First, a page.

39 Clues Book 7: The Viper's Nest - Review
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Lerangis, Peter. (2010) The 39 Clues Book 7: The
Viper’s Nest. New York, NY: Scholastic Inc. ISBN
“It's no longer a game. The body count is rising.
Shaken by recent events, Amy and Dan flee to an exotic
land and trace the footsteps of their most formidable
ancestor yet: a military leader of mythic proportions.
Yet just as the siblings begin to master the art of
ancient warfare, they confront a dangerous enemy that
can't be felled with a sword: the truth. With the stakes
higher than ever, Amy and Dan uncover a devastating
secret that changes everything.”
Respect for self and others:This
includes integrity (adherence to a code of
conduct or value system), honesty vs. manipulation or
lying, compassion, caring for others (characters not
focused on getting their way no matter what) self
respect--main character does not let others
denigrate him or her; use of self control and
self-discipline ; taking charge of own behaviour;
fairness to others (such as taking turns and
avoiding the blame game). Reader should ask themselves
“How does the protagonist depict their peers?” “Would
you want others to treat you this way? Should everyone
act this way?” This includes true friendships
that do not involve regular lying, deceit or
manipulation; considering consequences of actions
prior to acting; owning up to responsibility once
an action has been taken.
Healthy sibling rivalry like “I’m the one who thought of
it” continues to make Amy and Dan’s characters real to
us, while their adventures continue to fulfill the
reader’s dreams! Amy wrestles early on with her memories
of the fire that killed their parents, and her mixed
feelings towards Uncle Alastair derived from it. The
resulting conversation is realistic while also
demonstrating how children should deal with such mixed
emotions: honestly and openly. Amy struggles with desire
for retribution because her innate understanding that
retribution is cold and careless creates the inner
struggle. Ultimately, our favorite brother & sister team
continue to make wise choices that take into
consideration the consequences to others, as well as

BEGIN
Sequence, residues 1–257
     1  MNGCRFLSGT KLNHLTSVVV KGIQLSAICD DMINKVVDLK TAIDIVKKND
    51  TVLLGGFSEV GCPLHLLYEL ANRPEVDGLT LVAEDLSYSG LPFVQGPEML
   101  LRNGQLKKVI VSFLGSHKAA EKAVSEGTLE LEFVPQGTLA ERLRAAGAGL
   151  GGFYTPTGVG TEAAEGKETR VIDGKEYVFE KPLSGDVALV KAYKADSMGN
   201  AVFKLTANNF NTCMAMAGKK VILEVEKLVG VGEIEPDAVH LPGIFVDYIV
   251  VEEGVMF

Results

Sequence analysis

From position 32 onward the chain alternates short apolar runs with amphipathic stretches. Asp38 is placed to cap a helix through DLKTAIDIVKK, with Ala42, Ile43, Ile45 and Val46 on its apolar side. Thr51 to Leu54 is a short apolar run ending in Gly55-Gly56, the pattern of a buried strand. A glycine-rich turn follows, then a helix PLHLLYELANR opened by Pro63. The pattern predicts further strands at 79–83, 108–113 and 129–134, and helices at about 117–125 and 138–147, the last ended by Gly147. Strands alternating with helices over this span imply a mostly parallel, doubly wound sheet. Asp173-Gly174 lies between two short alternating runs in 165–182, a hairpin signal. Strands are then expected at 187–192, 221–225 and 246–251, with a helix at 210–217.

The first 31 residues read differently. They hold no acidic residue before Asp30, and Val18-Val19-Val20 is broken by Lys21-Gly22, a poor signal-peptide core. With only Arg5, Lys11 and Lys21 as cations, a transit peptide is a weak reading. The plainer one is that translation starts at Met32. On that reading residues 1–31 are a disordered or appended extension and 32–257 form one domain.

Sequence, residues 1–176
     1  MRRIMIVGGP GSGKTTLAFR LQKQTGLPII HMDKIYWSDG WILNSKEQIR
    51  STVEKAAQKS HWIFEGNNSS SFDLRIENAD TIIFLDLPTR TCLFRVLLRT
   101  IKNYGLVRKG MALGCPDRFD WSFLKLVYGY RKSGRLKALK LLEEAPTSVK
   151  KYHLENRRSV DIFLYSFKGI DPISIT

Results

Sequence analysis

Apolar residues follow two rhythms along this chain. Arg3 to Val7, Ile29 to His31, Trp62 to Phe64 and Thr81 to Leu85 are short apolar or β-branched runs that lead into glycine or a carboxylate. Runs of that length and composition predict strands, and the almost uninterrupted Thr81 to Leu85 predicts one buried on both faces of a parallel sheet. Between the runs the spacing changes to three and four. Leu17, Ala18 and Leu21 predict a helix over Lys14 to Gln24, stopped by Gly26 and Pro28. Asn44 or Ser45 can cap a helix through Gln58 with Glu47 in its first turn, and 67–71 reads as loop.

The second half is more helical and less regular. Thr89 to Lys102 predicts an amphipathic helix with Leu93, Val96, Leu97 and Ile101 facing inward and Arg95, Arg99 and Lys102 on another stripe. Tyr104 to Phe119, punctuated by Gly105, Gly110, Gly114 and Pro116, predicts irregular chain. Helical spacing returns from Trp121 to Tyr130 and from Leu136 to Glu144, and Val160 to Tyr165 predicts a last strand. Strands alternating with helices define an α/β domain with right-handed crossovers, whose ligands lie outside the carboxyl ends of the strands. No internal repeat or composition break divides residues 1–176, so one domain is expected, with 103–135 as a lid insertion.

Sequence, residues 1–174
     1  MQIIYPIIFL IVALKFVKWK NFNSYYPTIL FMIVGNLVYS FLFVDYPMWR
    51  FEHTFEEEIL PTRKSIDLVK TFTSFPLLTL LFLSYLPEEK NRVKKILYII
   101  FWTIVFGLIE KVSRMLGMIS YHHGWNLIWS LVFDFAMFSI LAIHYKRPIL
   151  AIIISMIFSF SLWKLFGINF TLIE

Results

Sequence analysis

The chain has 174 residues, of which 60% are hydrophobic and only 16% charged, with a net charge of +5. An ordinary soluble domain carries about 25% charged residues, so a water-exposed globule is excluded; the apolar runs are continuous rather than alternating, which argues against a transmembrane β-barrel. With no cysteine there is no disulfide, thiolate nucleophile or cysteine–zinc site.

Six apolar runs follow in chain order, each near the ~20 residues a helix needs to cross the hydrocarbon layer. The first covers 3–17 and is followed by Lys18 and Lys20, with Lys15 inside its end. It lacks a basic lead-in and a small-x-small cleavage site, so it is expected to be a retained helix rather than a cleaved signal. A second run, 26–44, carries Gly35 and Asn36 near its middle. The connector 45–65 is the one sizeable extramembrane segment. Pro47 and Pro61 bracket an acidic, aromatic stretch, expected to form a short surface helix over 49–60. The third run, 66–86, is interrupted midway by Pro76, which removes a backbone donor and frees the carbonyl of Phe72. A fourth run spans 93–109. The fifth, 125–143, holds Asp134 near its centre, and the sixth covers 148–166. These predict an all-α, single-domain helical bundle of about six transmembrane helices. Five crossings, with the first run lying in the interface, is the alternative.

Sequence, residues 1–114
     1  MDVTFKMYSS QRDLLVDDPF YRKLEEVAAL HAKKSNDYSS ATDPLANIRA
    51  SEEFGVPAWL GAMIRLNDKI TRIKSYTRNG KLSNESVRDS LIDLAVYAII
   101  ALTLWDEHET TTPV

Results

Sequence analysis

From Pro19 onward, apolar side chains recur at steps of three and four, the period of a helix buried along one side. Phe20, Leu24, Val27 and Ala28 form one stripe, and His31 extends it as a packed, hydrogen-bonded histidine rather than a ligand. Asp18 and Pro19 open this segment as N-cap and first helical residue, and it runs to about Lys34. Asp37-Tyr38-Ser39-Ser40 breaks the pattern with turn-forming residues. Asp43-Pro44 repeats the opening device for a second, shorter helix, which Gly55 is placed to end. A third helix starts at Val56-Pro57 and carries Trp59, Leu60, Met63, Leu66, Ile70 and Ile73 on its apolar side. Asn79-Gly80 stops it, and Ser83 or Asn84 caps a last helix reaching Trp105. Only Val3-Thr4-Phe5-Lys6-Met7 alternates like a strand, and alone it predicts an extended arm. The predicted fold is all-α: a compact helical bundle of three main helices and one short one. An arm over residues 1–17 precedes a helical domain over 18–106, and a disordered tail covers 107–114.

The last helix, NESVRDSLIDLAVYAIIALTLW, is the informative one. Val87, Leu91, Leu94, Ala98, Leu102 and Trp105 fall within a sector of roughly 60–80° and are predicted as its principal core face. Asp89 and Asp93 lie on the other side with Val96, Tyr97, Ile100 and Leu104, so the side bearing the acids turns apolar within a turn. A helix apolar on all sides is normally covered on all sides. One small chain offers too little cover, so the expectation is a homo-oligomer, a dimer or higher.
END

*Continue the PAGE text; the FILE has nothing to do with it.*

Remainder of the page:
feel remorse for mistakes made.
Dan particularly shows compassion when learning about
apartheid and towards South Africans whom he meets.
In the end, Amy is concerned about taking what isn’t
theirs; “But the hunt was about knowledge, not
possession.” (p. 167) She intentionally puts wheels into
motion that create an opportunity for villains to do a
Portrayal of Authority
figures:The positive portrayal of parents, teachers, police officers and other “good” authority figures common in a child’s life is a positive influence upon the child’s own moral development. This includes
actively-parenting mother and father figures. Minimization of parental involvement in the character’s activities or the portrayal of authority figures as
inferior present poor role models. Also to be avoided are main characters that
deceive parents and teachers to accomplish goals, and overuse
sarcasm towards authority figures. Ask yourself “Are parents seen as positive or negative influence in the character's life?”
The author creates adventures which rely upon Amy
and Dan’s skills and instincts, rather than manipulating
or mistreating others including authority figures.
Respect is shown towards each adult met along the way.
The siblings show dignity through strength in dealing
with adult villains.
Patriotism:Loyalty to family, team or group, school, community and world; caring for and being considerate of these
groups. Pride to be part of that group or nationality.
From the beginning, the book establishes Amy and